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Indigenous participants on the Arctic Council discuss role

December 21, 2015

People of the Arctic Council

Indigenous Participants Give the Arctic Council a Unique Voice, but the Cost to Them is High

By Rudy Yuly, UW Creative Consultants Network

Since its work began in 1996, the Arctic Council has been recognized as a unique and influential international body. Part of its influence may rest on the fact that it’s the only intergovernmental forum on the planet to permanently include indigenous peoples as nearly equal representatives alongside governmental representatives.

“There’s absolutely no doubt that having the Arctic Council formulated this way has led to a very different approach to Arctic issues,” said Jim Gamble, Executive Director of the Aleut International Association (AIA), one of the earliest indigenous organizations to gain permanent status on the Council. “In order to make the best decisions, you have to have the best information and that includes the best scientific, traditional, and local information. And the Council has used that approach to produce a tremendous amount of really high-quality work.”

That work includes groundbreaking studies and monitoring of Arctic contaminants, marine wildlife, biodiversity, social issues, search and rescue, disaster response, oil pollution preparation and response, and climate change.

“We have members of the Arctic Council that are also members of the European Union. Russia and the U.S. are on the UN Security Council,” said Joe Linklater, Chairperson of Gwich’in Council International, which has been a Permanent Participant on the Council since 2000. “They bring forward issues from the Arctic Council at other international forums. From the very grassroots levels of indigenous peoples sitting at these tables, we’re able to influence the decisions that are made.”

Its influence and the importance of the Arctic globally, particularly regarding climate change, has led the Arctic Council to tackle an ever-increasing workload. For the indigenous participants, this has meant increased costs and that’s challenging for indigenous participants, who generally work with extremely limited resources.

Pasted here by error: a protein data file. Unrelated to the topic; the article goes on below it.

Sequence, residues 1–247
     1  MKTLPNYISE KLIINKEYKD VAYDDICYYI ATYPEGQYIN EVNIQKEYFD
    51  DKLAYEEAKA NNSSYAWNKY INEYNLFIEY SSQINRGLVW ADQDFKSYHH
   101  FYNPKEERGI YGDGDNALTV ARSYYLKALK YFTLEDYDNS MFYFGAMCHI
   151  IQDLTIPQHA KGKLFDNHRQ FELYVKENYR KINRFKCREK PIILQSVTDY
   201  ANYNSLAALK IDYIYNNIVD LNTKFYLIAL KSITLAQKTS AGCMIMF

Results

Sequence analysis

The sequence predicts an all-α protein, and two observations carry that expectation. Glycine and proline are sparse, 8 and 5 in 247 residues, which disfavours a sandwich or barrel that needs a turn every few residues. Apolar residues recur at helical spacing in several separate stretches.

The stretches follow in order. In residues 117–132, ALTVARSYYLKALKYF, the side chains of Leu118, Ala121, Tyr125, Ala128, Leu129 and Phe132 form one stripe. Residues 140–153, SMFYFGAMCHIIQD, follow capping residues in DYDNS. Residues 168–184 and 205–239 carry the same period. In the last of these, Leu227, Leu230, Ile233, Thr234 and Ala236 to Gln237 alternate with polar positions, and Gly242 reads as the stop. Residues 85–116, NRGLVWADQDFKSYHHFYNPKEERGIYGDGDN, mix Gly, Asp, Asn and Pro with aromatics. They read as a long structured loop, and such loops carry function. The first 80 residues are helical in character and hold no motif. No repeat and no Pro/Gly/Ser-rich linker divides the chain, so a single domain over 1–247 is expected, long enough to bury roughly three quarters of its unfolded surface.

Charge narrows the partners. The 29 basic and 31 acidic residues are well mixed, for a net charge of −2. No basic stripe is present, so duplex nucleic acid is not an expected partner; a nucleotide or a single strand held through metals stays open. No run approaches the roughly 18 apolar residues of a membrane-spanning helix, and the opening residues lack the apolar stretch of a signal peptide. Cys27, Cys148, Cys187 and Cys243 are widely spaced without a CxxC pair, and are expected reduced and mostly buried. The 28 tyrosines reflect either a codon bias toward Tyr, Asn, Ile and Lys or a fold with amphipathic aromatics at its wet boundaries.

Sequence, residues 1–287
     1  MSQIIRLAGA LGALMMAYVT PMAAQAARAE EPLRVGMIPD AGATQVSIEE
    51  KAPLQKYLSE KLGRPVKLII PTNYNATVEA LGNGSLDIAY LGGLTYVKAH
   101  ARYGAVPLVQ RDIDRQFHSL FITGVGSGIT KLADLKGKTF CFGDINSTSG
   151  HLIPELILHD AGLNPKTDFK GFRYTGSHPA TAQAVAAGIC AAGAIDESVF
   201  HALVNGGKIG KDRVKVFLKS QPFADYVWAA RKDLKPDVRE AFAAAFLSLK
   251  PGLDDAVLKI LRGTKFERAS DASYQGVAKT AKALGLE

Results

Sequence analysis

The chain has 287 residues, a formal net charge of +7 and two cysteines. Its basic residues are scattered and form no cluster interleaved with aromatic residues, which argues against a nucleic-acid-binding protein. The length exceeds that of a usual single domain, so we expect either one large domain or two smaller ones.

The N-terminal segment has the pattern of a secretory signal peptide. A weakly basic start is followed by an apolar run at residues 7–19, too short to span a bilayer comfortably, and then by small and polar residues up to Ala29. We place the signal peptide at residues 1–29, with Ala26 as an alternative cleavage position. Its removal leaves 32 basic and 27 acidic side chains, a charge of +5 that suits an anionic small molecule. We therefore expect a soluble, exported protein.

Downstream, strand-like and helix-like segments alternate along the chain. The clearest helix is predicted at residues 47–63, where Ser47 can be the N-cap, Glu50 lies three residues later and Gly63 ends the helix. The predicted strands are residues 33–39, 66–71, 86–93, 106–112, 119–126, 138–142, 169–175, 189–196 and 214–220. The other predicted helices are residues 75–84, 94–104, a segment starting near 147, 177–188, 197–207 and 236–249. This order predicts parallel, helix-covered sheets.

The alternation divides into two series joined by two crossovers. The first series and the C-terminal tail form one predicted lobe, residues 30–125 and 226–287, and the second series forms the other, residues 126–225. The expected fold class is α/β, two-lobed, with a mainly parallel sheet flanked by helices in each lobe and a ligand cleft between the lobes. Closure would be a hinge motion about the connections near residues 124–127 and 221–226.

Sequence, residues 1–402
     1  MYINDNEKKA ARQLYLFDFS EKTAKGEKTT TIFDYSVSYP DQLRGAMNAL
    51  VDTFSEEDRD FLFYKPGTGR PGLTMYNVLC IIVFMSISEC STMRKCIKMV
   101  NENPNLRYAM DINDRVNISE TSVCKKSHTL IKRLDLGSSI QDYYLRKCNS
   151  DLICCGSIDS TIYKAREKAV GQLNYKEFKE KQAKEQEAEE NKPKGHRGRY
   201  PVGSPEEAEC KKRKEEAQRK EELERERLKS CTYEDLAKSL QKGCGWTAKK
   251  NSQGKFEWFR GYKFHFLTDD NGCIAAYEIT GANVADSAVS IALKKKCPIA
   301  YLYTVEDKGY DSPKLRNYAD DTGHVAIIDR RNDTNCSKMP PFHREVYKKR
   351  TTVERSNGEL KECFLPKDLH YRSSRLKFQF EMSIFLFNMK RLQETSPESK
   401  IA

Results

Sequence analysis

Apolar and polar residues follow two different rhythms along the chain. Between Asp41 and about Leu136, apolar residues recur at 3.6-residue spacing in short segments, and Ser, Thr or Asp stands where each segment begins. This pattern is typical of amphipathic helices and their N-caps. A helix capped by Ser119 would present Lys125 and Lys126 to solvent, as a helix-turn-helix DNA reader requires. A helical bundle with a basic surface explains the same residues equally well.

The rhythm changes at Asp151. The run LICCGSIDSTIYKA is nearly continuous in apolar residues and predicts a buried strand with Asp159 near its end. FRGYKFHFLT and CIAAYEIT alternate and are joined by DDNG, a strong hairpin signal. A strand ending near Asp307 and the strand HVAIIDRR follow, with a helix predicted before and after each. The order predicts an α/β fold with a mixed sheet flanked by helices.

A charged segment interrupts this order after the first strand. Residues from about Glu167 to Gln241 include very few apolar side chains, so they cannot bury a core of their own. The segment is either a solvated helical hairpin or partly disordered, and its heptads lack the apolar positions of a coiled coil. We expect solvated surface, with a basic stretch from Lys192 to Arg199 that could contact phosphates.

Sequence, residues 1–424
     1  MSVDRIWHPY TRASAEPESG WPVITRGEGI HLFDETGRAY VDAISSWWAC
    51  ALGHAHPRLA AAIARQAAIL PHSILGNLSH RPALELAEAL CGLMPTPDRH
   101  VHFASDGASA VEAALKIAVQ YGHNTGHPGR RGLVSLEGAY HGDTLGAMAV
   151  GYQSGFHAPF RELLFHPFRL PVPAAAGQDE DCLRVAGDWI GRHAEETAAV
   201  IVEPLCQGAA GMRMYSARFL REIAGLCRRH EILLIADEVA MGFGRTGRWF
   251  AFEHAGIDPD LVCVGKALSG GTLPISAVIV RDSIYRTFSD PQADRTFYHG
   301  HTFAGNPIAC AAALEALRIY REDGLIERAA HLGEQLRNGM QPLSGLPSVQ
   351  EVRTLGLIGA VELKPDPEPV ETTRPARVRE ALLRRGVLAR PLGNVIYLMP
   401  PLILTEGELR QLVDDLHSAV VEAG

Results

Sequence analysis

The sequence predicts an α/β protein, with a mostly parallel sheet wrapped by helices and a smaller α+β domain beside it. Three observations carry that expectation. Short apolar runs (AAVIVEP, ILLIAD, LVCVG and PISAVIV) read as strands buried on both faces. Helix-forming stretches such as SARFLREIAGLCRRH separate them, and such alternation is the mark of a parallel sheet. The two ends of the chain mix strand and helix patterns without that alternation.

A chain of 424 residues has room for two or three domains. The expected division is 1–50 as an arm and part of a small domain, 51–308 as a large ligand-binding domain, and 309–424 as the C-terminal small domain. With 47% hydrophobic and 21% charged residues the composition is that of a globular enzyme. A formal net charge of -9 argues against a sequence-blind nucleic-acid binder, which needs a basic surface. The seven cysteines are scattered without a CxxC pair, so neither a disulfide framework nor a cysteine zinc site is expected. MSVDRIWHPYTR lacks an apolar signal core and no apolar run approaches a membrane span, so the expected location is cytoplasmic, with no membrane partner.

“Every year we take on more and more projects so the human capacity and the financial capacity becomes a challenge, especially for smaller organizations like the Gwich’in Council International,” Linklater said.

Chief Michael Stickman, Chair of the Arctic Athabaskan Council, agrees. “Knowledge is only good if you can share it. But you can only share it if there’s money to share it. Each culture has its own power of knowledge. We have all the knowledge, we have all the people—we just don’t have the money.”

“We’re small organizations and we’re trying to do a lot with very little,” Gamble explained. “Literally every declaration that’s come down from the Arctic Council every two years talks about supporting the Permanent Participants. It’s been talked about for 20 years and nothing’s been done about it. That element is a bit frustrating.”

“Everyone would like to do more, especially when it comes to issues such as climate change,” Linklater said. “It’s not always just a dollar thing. It’s also the human capacity of finding the proper expertise and streamlining the work we do and managing expectations so that we’re not taking on more than we need to be taking on. The work is progressing very positively but it’s becoming more and more of a challenge to be able to meet the needs.”

“We know that having indigenous input produces a better work product,” Gamble said. “It produces a more complete picture and adds traditional knowledge which is often a way of finding out information that’s impossible to find out any other way. We just need to come to grips with how to support the six Permanent Participants so we can fully engage and do the best possible job.”

About the Arctic Council

Founded in 1996, the Arctic Council is an intergovernmental forum promoting cooperation between Arctic states and Arctic indigenous peoples with an emphasis on sustainable development and the environment.

Sitting alongside rotating chairs include Canada, the U.S., Russia, Denmark, Finland, Iceland, Norway, and Sweden; they are six permanent participants on the Council representing the interests of approximately half a million indigenous people in the Arctic. They are the Aleut International Association (AIA), Arctic Athabaskan Council (AAC), Gwich’in Council International (GCI), Inuit Circumpolar Council (ICC). Russian Association of Indigenous Peoples of the North (RAIPON), and the Saami Council (SC).

Rudy Yuly is an independent senior content strategist, writer, and editor for clients including Microsoft, Cisco Systems, the University of Washington, and others. Represented as a novelist, ghostwriter, and screenwriter by Atchity Entertainment International (AEI), Los Angeles, his debut novel “Sparkle” was named one of the Top Five Books of The Year by Crime Fiction Lover. Book two in the series, “Blood and Friends” will be released soon.

This publication was made possible in part by a grant from Carnegie Corporation of New York. The statements made and views expressed are solely the responsibility of the author.